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Australian study indicates common painkillers ineffective for back pain

By |February 7, 2017|NSAIDs|

Commonly used non-steroidal anti-inflammatory drugs used to treat back pain provide little benefit and may make things worse according to new research from The George Institute for Global Health.

The findings of the systematic review, published in the Annals of the Rheumatic Diseases, reveal only one in six patients treated with the pills, also known as NSAIDs, achieve any significant reduction in pain.

The study is the latest work from The George Institute questioning the effectiveness of existing medicines for treating back pain. Earlier research has already demonstrated paracetamol does not speed recovery or reduce pain for acute low back pain, and opioids provide minimal benefit over placebo.

Lead author Associate Professor Manuela Ferreira says the study highlights an urgent need to develop new therapies to treat back pain which affects 80 per cent of Australians during their lifetime.

A/Prof Ferreira, Senior Research Fellow at The George Institute and at the Institute of Bone and Joint Research, said: “Back pain is the leading cause of disability worldwide and is commonly managed by prescribing medicines such as anti-inflammatories. But our results show anti-inflammatory drugs actually only provide very limited short term pain relief. They do reduce the level of pain, but only very slightly, and arguably not of any clinical significance.”

A/Prof Ferreira added: “When you factor in the side effects which are very common, it becomes clear that these drugs are not the answer to providing pain relief to the many millions of Australians who suffer from this debilitating condition every year.”

The team at The George Institute, which examined 35 trials involving more than 6000 people, also found patients taking anti-inflammatories were 2.5 times more likely to suffer from gastro-intestinal problems such as stomach ulcers and bleeding.

Research Fellow Gustavo Machado, of The George Institute and the School of Medicine at the University of Sydney, said: “Millions of Australians are taking drugs that not only don’t work very well, they’re causing harm. We need treatments that will actually provide substantial relief of these people’s symptoms.

“Better still we need a stronger focus on preventing back pain in the first place. We know that education and exercise programs can substantially reduce the risk of developing low back pain.”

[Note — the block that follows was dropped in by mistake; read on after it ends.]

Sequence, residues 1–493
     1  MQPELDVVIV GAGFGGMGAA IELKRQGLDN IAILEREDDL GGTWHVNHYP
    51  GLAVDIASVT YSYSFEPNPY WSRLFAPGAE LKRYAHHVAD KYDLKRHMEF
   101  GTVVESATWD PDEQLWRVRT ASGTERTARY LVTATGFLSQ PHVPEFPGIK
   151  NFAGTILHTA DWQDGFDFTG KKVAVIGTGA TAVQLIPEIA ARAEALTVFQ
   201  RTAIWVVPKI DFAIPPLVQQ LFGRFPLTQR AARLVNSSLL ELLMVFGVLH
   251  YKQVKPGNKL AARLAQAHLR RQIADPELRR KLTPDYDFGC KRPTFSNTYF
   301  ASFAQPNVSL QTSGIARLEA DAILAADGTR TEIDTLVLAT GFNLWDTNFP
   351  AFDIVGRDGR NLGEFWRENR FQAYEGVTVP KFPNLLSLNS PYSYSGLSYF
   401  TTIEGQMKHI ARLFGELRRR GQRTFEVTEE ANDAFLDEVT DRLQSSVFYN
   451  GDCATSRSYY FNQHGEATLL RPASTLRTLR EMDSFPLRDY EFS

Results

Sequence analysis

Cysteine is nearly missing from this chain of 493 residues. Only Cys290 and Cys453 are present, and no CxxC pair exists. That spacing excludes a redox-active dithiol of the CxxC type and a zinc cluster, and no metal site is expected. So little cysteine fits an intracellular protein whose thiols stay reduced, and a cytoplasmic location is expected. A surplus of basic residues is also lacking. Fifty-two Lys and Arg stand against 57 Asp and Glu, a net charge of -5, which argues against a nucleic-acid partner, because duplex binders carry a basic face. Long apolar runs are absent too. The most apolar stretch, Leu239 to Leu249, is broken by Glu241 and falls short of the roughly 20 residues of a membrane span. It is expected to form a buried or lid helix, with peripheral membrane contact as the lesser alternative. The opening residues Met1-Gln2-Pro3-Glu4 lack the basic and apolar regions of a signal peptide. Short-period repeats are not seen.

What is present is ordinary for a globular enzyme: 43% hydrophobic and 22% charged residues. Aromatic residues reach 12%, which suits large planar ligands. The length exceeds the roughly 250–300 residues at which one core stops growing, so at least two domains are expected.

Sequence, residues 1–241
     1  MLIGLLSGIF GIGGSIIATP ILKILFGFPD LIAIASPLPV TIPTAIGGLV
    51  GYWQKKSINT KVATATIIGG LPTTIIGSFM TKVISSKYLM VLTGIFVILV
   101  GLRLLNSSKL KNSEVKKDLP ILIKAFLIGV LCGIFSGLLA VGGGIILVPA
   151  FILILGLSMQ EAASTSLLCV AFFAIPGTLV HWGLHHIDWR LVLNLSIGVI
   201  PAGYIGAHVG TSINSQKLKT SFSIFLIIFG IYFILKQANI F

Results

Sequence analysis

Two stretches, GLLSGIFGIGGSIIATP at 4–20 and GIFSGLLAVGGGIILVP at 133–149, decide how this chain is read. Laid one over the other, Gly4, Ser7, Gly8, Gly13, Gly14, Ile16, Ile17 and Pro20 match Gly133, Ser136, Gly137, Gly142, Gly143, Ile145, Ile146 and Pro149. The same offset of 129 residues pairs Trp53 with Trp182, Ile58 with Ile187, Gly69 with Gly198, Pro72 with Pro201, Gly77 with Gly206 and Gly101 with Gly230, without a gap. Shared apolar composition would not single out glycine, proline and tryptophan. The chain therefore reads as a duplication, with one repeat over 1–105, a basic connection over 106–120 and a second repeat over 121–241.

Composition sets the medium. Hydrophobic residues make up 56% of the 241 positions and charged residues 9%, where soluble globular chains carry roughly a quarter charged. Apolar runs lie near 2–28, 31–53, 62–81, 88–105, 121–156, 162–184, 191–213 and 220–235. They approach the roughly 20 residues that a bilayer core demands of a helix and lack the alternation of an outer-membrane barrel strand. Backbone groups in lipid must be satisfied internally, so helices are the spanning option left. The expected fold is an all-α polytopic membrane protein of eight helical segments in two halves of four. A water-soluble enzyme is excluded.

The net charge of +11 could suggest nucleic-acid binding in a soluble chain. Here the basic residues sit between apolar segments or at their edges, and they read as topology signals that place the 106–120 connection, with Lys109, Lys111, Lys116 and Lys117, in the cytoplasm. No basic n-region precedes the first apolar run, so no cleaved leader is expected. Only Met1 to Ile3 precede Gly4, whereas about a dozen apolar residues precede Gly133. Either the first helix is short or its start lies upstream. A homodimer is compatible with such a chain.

Most clinical guidelines currently recommend NSAIDs as the second line analgesics after paracetamol, with opioids coming at third choice.

 

Macquarie backs off from chiropractic

By |April 24, 2013|Chiropractic Education|

Source The Australian

Macquarie University has announced plans to offload its chiropractic teaching by 2015.

It said it would begin discussions with other “interested” higher education providers about taking over its chiropractic units and degrees, including academic staff and teaching facilities. Executive science dean Clive Baldock said his faculty wanted to concentrate on developing “recent major strategic investments” in research-intensive disciplines including biomedical science and engineering.

“Macquarie University has recently invested significantly in a postgraduate medical school and a state-of-the-art private hospital,” he said. “We naturally want to focus our efforts on supporting these initiatives with our teaching and research.” Professor Baldock issued a sales pitch to possible tenderers while acknowledging that the discipline didn’t meet Macquarie’s requirements “from a research-intensive perspective”.

“We believe our chiropractic degrees to be of the highest teaching quality, and they remain extremely popular with students,” he said.“We therefore believe the responsible thing to do is to begin discussions with other higher education providers who are keen to grow in this area.”

Australian scientists urge Central Queensland University to reconsider chiropractic science degree

By |December 12, 2011|News|

Source Adelaide Now

Some of Australia’s most eminent scientists have their noses, at least, out of joint after learning that a Queensland university will offer a “chiropractic science” degree next year.

A letter made public this week, signed by 34 scientists and doctors, including eight from Adelaide, urges Central Queensland University to reconsider.

“Our concerns are not limited to chiropractic but extend to all tertiary institutions that are involved in legitimising anti-science,” the letter says.

“It would be most regrettable to find that financial pressures may be tempting universities to betray their academic heritage.

“We appeal to you as fellow academics to reconsider your plans.”

The signatories are a who’s who of medical science, including former Australian of the Year Professor Ian Frazer, who created the cervical cancer vaccine.

Professor Alastair MacLennan, head of obstetrics and gynaecology at the University of Adelaide is one leading the charge.

He wants the public protected from alternative therapy. “We are trying to encourage universities not to introduce or continue anti-science nonsense degree courses in quackery (such as) naturopathy, homeopathy, iridology, acupuncture, energy medicine and chiropractic,” he says. (more…)